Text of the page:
Building Greater Efficiency and Realism into Training Ranges
Matt Procter, President & Gordon Klein, Vice President – Innovation; Improve Group
More intelligent range design helps create more lethal warfighters
The goal of combatant training should always be to improve the lethality, survivability, and readiness of the fighters. Unfortunately, many current small arms ranges simply do not service this goal. Outdated technology, poor design, and a lack of automated data collection means that these training ranges miss the mark in efficiency, repeatability, and realism.
Many training ranges focus entirely on marksmanship – aim and precision. But in live combat, technical accuracy is not the most significant challenge. The greatest concern is a fighter's ability to manage physical, psychological, and emotional stress while maintaining accuracy. Listening to two radio feeds, communicating with their team, adjusting to rapidly changing environments, and managing the sensory onslaught of combat all while making quick decisions under pressure – that’s the scenario that training needs to address.
Improve Group helps improve combat readiness by providing training range solutions that more closely mimic real conditions. While it’s impossible for any training scenario to fully replicate the fog of war, more realistic ranges that capture performance data in real time can help close the gap.
Programmable target systems allow instructors to execute repeatable, measurable scenarios, and to do it much more efficiently – so more time is spent on valuable training. Over time, analysis of the data drives improvements to the scenarios themselves. Furthermore, the integration of stationary pop-up targets and smart, mobile targets enables increasingly sophisticated and realistic scenarios.
CLIR Principles in Small Arms Range Design
When designing training spaces, we implement our patented CLIR methodology:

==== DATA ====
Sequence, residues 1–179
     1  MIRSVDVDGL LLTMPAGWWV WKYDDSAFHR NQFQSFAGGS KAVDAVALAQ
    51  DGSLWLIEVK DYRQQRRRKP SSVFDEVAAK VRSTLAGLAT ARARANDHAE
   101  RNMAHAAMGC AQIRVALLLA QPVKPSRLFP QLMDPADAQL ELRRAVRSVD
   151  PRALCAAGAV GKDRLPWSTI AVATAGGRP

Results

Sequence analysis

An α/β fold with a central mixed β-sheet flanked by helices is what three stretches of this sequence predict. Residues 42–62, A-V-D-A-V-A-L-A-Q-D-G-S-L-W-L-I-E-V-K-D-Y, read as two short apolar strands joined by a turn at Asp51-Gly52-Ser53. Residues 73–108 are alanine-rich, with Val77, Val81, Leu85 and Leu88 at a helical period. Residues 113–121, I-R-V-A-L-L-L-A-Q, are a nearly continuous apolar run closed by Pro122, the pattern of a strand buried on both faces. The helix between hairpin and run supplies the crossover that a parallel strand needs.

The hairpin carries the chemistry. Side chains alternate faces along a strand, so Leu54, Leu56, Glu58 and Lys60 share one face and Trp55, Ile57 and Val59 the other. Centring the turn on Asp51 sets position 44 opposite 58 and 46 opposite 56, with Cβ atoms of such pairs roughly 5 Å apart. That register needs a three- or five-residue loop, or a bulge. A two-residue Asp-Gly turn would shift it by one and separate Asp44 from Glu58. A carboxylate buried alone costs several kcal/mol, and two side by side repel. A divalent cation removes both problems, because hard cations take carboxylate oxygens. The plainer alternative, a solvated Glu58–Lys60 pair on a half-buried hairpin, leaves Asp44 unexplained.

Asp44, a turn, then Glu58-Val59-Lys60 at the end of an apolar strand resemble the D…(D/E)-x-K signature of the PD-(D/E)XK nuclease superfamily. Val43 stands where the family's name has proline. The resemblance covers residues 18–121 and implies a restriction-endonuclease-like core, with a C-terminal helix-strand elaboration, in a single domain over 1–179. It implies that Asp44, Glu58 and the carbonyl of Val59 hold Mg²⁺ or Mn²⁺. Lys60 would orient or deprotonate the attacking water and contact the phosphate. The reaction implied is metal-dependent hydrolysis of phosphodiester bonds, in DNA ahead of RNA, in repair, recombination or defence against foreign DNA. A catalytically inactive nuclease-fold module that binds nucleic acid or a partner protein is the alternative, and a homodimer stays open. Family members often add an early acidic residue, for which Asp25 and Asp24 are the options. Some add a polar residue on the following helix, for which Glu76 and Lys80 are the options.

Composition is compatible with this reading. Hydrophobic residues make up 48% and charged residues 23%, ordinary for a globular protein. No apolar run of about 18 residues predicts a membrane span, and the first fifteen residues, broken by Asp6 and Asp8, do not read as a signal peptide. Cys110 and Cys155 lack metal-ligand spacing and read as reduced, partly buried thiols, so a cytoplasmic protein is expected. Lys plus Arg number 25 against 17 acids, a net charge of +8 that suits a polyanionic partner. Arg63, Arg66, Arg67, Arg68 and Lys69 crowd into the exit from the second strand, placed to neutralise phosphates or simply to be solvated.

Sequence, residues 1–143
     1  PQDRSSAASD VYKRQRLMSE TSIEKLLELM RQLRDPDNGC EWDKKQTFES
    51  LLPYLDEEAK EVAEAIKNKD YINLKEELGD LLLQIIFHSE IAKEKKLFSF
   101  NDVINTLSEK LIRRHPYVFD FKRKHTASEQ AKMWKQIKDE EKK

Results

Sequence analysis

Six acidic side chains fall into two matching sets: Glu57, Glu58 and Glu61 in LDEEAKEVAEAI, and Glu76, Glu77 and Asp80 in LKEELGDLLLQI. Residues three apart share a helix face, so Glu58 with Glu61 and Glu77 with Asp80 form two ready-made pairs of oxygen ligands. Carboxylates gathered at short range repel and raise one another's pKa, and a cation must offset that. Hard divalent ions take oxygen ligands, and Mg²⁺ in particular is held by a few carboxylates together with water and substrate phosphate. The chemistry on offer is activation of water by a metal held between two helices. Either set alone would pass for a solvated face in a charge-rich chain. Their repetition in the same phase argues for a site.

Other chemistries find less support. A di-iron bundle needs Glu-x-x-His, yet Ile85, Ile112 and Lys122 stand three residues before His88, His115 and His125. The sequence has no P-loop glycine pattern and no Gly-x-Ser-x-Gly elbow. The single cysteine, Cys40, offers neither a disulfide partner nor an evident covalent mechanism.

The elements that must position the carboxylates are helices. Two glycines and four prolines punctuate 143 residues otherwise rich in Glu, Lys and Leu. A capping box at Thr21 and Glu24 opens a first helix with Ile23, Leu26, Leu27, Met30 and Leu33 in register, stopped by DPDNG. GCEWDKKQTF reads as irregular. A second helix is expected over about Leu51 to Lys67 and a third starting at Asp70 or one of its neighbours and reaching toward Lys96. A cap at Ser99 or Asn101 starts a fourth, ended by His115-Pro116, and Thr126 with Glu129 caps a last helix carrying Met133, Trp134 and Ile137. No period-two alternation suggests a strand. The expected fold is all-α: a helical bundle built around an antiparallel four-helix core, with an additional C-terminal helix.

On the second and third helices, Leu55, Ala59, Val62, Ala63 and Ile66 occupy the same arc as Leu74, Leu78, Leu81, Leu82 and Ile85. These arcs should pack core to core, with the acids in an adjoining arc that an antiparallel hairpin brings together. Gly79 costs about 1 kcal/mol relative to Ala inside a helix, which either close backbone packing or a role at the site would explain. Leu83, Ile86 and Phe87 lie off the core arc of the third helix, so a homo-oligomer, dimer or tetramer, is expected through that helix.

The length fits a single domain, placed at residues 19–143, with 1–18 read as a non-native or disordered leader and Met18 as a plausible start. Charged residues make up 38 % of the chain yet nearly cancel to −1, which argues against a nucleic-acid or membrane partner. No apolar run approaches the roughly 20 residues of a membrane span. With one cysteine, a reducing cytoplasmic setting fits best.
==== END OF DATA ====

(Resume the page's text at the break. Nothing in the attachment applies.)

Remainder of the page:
- Connect – the range is integrated with smart, auto-scoring targets and smart auto-scoring robots, so that the performance data from every scenario is captured automatically
- Learn – analysis of data at the student, team, and class level provides insights on performance of the students and the effectiveness and efficiency of the training methods themselves
- Influence – these insights highlight key students and areas to focus on. Over time, these insights enable improvements to the training scenarios
- Reveal – real time reports on screens at the range provide key insights to instructors in the moment, while leader boards engage and challenge students
CLIR facilitates integration between data collection, analysis, and methodologies. In short, the better the data, the more realistic the training, and the better the warfighters.
For example: The live fire SMC training range we recently designed for Air Force Special Warfare integrates hit sensing pop-up targets and HEKTR Robots, enabling real-time performance feedback on individual and team firing accuracy in highly realistic team-movement scenarios (e.g bounding exercises). Groups of programmable targets at distances from 120m to 250m are presented when students or teams reach any of a dozen points of cover, each requiring various firing positions and movement obstacles.
The programmability of these systems means that effective training scenarios can be reliably captured, measured, and repeated, student after student, team after team, and class after class. This is what enables realism and drives meaningful training improvement.
Integrating Technology and Design
Collecting data is only useful when that information can be efficiently captured, analyzed, and used to drive improvements in the training. Taking advantage of current technology and applying it intelligently to practical concerns is the cornerstone of smart design.
We design flat ranges with programmable, auto-scoring electronic targets. These targets send data back immediately to the student and instructor, cutting down significantly on time spent walking back and forth to the target line.
Technology also allows for more responsive close-quarter battle (CQB) and shoot-move-communicate (SMC) range design. HEKTR robots and pop-up targets create moving, dynamic shooting environments more closely aligned with reality. In addition, we can develop smart shooting ranges that prepare shooters for real-world conditions by incorporating noise and distraction, changing the environment and type of shooting, and pushing them to their limits.
Modern range design is inseparable from technology integration. Smart ranges allow for a better understanding of what students are experiencing during training so that instructors are better equipped to coach, and improvements to training methods can be intelligently implemented.
No training exercise can adequately copy the experience of live combat. But we owe it to our fighters to prepare them as thoroughly as possible for real-world conditions, including preparing them for conditions unlike any seen in recent conflicts. By building more agile and responsive ranges that better replicate real-world scenarios, collecting and analyzing data during training, we can help training facilities better prepare warfighters for the future fight.